333. Rear Window (1954)

8.4 Thrilling
  • Acting 8.4
  • Directing 8.9
  • Story 8.0
  • User Ratings (0 Votes) 0

Starring: James Stewart, Grace Kelly, Wendell Corey

Director: Alfred Hitchcock

Running Time: 112 mins

Rear Window is an American film about a man, stuck in a wheelchair because of a broken leg, who spends his time spying on his neighbours out of his window, however in doing so, he sees someone acting suspiciously, making him think that they have committed a murder…

Well, this is one of Hitchcock’s ultimate classics, and it really shows. Despite being very slow-starting, this film has one of the most thrilling stories of them all, while it’s technically genius at the same time, all coming together to make an exceptionally exciting and frightening film.

So, the first part of this film is not great, I’ll admit that. It takes over 45 minutes for even a mention or hint of the murder mystery, so prior to that, it’s just character establishment and chatting, a lot of it barely plot-related.

While it is quite boring to sit through at the start, however, it comes in very useful towards the end, so I urge you to make it through the hour or so where there is very little actually going on, because it builds up to an absolutely thrilling climax.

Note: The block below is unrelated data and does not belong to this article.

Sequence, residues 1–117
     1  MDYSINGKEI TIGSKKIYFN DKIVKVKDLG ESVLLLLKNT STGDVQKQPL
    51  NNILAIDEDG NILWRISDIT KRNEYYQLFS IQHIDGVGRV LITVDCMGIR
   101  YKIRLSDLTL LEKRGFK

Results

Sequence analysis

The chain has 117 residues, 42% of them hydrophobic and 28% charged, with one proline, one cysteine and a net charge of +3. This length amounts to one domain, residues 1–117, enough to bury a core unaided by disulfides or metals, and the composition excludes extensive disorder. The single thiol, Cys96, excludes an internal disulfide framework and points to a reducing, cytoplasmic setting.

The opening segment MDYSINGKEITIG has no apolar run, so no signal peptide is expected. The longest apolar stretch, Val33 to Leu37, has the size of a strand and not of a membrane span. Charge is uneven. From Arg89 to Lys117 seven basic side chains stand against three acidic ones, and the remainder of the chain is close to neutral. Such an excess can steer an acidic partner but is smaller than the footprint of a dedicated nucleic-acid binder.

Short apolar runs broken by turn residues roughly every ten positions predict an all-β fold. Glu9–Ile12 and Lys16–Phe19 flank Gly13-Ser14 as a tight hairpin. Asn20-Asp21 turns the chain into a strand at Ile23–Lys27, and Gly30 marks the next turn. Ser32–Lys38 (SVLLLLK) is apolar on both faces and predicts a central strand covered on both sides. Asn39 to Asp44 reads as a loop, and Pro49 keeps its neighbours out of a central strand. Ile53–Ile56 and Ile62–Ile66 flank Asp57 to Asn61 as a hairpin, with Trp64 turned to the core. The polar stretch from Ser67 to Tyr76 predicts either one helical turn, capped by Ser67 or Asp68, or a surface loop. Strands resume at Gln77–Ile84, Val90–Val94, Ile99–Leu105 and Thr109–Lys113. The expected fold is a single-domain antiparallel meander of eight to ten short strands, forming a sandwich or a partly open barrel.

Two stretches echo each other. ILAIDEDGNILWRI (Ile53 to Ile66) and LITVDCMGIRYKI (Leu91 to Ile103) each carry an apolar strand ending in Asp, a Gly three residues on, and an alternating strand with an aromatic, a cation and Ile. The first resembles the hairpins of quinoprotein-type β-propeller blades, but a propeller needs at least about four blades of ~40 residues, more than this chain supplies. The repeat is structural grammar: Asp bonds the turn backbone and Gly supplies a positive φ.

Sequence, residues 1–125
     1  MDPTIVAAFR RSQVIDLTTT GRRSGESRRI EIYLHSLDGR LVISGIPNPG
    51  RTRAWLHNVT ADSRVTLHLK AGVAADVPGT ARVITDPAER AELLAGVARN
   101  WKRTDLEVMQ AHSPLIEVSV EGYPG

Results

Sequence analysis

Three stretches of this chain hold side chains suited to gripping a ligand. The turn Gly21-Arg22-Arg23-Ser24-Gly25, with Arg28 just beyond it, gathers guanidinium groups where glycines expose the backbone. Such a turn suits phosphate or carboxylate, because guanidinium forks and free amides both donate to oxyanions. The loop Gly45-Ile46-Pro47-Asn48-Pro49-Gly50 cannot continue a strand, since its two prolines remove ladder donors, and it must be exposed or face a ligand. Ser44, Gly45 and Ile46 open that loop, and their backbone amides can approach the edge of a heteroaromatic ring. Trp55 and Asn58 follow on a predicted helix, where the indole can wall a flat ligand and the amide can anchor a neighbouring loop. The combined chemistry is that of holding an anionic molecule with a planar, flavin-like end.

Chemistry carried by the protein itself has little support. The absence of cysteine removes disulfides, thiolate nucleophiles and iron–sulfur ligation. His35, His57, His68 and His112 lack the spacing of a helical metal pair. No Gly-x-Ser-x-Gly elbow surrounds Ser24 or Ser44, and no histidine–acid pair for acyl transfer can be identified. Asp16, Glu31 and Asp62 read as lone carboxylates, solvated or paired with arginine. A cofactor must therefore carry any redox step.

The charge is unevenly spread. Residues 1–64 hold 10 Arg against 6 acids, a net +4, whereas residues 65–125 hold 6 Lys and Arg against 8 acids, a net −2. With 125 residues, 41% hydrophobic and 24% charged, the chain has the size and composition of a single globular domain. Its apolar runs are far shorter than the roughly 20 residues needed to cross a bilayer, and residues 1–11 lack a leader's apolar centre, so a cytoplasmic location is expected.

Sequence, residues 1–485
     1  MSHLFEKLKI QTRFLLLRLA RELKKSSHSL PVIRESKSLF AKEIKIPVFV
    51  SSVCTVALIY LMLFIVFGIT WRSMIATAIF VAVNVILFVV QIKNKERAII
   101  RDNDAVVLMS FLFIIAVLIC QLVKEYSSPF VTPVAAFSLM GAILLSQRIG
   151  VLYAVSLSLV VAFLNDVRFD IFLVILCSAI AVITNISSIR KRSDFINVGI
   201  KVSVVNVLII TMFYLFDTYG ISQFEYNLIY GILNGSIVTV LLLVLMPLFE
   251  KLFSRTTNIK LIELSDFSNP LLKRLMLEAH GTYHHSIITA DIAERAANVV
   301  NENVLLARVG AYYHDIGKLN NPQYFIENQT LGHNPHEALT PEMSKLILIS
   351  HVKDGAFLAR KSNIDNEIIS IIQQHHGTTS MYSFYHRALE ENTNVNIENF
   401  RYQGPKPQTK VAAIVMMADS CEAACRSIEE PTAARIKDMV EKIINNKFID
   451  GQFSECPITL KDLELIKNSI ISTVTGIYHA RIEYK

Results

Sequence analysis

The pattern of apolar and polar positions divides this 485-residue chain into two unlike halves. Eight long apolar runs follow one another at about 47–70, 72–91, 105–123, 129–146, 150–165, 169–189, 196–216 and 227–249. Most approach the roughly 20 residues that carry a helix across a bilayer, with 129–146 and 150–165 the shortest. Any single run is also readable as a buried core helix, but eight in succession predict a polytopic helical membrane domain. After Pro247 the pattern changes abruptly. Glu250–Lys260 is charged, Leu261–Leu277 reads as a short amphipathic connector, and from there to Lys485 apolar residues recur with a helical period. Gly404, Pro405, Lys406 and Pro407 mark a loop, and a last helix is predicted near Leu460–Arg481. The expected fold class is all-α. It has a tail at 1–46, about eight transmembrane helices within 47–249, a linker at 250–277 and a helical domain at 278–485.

As soon as the first suspicions are revealed, tensions begin to shoot up significantly, and everything becomes a lot faster-paced than the opening stages. Suddenly the whole story becomes rather sinister, ultimately feeling like a real life-or-death situation, which adds hugely to the thrill of it all.

And as well as being so exciting, this is also a really frightening story. That’s mainly down to the fact that it’s such a simple but realistic idea, while the inescapable situation James Stewart’s character finds himself in makes it so much more perilous and heart-pounding.

Along with the fantastic story, Hitchcock’s directing is absolutely stunning. Whether it’s the simple setting of everything, the very plain and flat but realistic shots, it really adds to making it a convincing story, but it’s his use of the apartment walls to create a bizarre split-screen effect that makes for unbearable tension that was the most impressive and original part of the entire film, so that’s why it gets an 8.4.


About Author

The Mad Movie Man, AKA Anthony Cullen, writes articles and reviews about movies and the world of cinema. Since January 1st, 2013, he has watched and reviewed a movie every day. This is the blog dedicated to the project: www.madmovieman.com